EghtesadOnline: Not complying with standards of the Financial Action Task Force, the international anti-money laundering watchdog, has further undermined Iran’s access to international banking and financial services, the government spokesman said.
Addressing reporters in Tehran Tuesday, Ali Rabiei said the country’s financial sector is facing numerous challenges over the non-compliance.
He said the problems were predictable and the government had repeatedly warned about the dire consequences of being thrust on the FATF blacklist.
Last February, the FATF lifted the suspension of counter-measures against Iran and called on its members and all jurisdictions to apply effective counter-measures against the country.
At its October plenary session last week, the global anti-money laundering watchdog said Iran along with North Korea remains on the FATF’s list of “high-risk jurisdictions”.
“For all countries identified as high-risk, the FATF calls on all members and urges all jurisdictions to apply enhanced due diligence, and in the most serious cases, countries are called upon to apply counter-measures to protect the international financial system,” the FATF statement said.
“This has created difficulties in our economic and financial relations with the outside world, even with friendly countries, like China and Russia,” Rabiei was quoted by IRNA as saying.
After FATF put Iran on the blacklist, Rabiei added, banks across the globe tightened restrictions in offering financial services to Iranians.
“The HSBC bank recently refused to open accounts for Iranians,” he noted, recalling the litany of problems created for Iranians as a result of the FATF penalties.
“In addition, some banks in Germany have increased the risks of financial deals with Iranians and demanded closure of their accounts”.
Iran’s inclusion in the FATF blacklist coincided with tough economic sanctions imposed by the United States, which Rabiei said, “is in the interest of the Trump administration”.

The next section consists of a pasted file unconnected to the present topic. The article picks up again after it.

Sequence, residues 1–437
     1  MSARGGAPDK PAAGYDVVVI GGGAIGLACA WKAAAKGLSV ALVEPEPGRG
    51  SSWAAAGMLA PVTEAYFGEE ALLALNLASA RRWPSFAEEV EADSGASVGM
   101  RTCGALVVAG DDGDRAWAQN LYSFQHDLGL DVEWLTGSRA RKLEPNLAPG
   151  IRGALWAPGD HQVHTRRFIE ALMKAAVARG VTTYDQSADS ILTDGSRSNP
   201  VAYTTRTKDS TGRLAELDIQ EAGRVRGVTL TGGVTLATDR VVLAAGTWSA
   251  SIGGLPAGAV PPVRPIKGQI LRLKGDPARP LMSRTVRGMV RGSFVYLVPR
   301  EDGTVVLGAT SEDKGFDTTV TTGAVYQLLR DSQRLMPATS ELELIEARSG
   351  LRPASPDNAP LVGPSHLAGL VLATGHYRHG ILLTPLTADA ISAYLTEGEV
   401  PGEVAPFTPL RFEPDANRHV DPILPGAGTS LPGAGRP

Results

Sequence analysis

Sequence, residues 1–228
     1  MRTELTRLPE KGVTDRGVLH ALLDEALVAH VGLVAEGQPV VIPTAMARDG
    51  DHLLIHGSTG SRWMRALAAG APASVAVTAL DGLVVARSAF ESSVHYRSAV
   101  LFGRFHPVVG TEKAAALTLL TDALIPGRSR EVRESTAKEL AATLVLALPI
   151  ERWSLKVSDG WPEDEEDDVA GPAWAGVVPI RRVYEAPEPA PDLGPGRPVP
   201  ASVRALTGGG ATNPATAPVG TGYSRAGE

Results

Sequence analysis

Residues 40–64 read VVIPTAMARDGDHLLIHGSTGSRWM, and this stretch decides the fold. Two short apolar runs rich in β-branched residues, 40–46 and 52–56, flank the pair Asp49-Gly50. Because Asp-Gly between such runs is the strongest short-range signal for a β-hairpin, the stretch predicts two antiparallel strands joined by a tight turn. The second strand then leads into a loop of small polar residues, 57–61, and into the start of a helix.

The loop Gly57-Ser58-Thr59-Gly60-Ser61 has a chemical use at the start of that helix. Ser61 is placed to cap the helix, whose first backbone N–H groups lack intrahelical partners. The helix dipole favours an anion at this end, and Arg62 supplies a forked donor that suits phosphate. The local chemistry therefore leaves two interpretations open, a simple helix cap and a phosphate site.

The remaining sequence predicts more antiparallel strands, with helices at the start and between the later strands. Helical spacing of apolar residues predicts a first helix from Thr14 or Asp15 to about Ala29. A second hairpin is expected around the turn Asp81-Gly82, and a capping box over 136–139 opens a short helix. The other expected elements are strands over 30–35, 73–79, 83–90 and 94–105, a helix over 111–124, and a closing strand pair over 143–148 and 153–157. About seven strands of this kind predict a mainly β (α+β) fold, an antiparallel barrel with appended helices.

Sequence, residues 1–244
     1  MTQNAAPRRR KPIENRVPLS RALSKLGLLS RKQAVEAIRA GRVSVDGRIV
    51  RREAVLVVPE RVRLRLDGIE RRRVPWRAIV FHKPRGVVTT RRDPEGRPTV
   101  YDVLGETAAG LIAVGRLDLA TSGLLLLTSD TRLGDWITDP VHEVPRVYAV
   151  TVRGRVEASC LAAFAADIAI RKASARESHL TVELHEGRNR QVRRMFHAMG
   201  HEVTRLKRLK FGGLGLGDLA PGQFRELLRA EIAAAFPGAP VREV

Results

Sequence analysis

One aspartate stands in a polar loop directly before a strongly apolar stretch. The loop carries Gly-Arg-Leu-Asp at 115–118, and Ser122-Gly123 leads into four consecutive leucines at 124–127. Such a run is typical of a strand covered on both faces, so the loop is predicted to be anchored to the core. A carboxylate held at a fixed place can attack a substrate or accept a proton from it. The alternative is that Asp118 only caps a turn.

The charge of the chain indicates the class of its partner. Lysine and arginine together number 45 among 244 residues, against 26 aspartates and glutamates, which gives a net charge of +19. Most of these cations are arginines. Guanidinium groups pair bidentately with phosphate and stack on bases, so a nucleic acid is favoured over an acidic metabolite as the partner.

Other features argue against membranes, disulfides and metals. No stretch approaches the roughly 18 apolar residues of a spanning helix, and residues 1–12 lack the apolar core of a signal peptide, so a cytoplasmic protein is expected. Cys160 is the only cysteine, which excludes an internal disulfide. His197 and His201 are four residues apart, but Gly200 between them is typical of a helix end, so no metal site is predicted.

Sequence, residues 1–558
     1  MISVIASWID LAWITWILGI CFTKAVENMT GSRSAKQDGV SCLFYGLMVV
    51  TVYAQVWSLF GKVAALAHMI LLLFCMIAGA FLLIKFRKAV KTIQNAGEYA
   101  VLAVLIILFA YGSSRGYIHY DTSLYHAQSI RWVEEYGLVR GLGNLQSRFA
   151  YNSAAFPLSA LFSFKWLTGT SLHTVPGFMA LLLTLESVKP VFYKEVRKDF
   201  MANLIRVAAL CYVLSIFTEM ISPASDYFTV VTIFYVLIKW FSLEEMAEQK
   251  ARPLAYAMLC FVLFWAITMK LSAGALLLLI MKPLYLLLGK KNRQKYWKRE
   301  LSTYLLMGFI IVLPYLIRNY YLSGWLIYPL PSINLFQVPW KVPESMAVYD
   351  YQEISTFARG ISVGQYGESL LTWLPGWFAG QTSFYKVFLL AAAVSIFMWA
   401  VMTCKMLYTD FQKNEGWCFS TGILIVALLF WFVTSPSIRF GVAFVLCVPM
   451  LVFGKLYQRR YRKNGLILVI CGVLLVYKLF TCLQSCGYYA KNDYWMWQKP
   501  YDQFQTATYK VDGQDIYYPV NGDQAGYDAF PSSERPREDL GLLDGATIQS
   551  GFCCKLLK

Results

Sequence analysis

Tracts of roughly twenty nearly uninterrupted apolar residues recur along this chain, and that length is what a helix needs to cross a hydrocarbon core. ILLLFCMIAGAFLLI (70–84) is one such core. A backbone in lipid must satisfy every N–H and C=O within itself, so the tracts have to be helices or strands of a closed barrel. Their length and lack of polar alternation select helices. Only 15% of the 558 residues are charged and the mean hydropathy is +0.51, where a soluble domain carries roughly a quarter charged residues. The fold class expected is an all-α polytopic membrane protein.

He said, "The US has imposed pressure on Iranians and tries to escape responsibility by blaming Tehran for refusing to accept FATF standards.”
However, he noted that the government will “resist the US attempts” to cover up its systemic tyrannical tactics to hurt Iran’s economy.
Rabiei described the US “maximum pressure” as the prime factor undermining Iran’s financial industry, saying that the FATF blacklist has made a bad situation worse.
FATF has asked Iran to pass four bills as part of the “Action Plan” to get out of the blacklist. Tehran managed to approve and enact amendments to counter-terrorist financing and anti-money laundering rules.
But the government failed to get approval from the main legislative bodies about the two remaining bills, namely Palermo (convention against transnational organized crime) and terrorist financing conventions (CFT), despite the fact that the key bills were passed by the government and parliament.
The two remaining bills were not approved by the Guardian Council - a watchdog that ensures laws are in line with the Islamic Republic Constitution and Sharia - and were sent to the Expediency Council - constitutional arbiter between the Majlis and the Guardian Council – for a final decision. The bills have remained in limbo since then.
Weeks before the FATF’s February meeting, which resulted in Iran’s blacklisting, senior government officials, namely President Hassan Rouhani and CBI Governor Abdolnasser Hemmati, appealed to the top legislative bodies to approve the FATF bills.
Tighter AML Rules
The US Treasury said on Friday that the FATF has agreed to revamp its standards to beef up monitoring of financing aimed at evading US and United Nations sanctions and proliferating weapons of mass destruction.
It claimed that North Korea and Iran had established complex and elaborate networks, including front and shell companies incorporated in many FATF member countries, to evade US and UN sanctions and move funds to “further their dangerous purposes.” Claims denied by both governments.
Washington began pushing for the changes when it headed the global watchdog in 2018-2019. Germany currently leads the body, which was set up in 1989 and currently includes 37 member jurisdictions and two regional organizations, the European Commission and the (Persian) Gulf Cooperation Council, Reuters reported.
The change requires countries and private companies to assess and mitigate proliferation financing risks related to the “potential breach, non-implementation or evasion of UN financial sanctions”.